Financial incentives help people change unhealthy behaviours but do not lead to lasting changes

According to new research published on the 2nd of April in the journal “Preventive Medicine”, financial incentives can motivate people, especially those from deprived backgrounds, to change behaviours that are bad for their health, but there is currently no evidence that these effects last beyond a few months after incentives stop. The review was led by researchers at the Behaviour and Health Research Unit (BHRU), University of Cambridge and Centre for the Study of Incentives in Health (CSI Health), King’s College London.

What was known prior to this research

  • Although financial incentives can be effective in helping people to stop smoking and lose weight, it was not known whether these changes are maintained after incentives stop.

What this research adds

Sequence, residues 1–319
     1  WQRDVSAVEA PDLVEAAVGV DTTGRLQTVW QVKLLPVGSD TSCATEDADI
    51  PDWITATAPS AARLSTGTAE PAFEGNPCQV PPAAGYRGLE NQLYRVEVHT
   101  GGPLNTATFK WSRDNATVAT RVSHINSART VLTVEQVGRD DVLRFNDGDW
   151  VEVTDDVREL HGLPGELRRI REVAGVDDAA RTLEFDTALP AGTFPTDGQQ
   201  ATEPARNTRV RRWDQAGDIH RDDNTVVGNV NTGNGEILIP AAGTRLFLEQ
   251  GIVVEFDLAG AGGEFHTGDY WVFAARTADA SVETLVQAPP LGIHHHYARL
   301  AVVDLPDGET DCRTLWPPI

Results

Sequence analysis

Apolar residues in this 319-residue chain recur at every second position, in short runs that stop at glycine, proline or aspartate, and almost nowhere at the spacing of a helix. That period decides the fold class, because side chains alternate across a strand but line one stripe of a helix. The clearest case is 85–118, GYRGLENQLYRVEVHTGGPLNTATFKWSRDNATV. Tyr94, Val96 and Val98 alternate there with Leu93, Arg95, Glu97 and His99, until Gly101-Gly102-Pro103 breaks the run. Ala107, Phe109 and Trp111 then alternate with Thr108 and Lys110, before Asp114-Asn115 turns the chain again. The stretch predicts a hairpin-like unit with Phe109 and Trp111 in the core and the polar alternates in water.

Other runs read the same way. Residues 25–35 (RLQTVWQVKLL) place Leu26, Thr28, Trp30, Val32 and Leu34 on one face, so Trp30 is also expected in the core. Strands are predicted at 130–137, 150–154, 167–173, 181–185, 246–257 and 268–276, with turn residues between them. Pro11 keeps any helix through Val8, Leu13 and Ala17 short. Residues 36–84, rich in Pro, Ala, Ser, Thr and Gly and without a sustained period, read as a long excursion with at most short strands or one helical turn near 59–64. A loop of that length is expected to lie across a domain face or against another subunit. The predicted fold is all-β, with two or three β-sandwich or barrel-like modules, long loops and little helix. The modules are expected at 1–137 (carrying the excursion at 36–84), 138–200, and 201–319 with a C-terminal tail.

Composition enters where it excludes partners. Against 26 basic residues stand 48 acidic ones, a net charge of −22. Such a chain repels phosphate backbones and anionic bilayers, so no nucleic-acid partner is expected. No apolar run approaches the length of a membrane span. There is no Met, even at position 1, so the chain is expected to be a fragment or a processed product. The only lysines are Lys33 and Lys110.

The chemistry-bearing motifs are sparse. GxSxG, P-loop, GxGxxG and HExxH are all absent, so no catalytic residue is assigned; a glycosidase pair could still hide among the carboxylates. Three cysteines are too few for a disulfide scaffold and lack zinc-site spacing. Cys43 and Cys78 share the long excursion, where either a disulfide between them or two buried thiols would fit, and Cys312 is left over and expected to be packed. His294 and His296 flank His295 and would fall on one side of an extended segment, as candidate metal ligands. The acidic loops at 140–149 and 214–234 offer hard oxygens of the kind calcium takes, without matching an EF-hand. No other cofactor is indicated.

• Findings based on high quality 34 studies focusing on smoking cessation, weight loss and physical activity confirm that offering people financial incentives can help them change their behaviour.
  • Financial incentives motivate greater change in more deprived social groups.
  • The positive impact of financial incentives last, at best, for up to three months after the incentives stopped and only when offered for stopping smoking, particularly during pregnancy

Status: Published. Mantzari, Vogt, Shemilt, Wei, Higgins, Marteau. Personal financial incentives for changing habitual health-related behaviors: A systematic review and meta-analysis. Access full text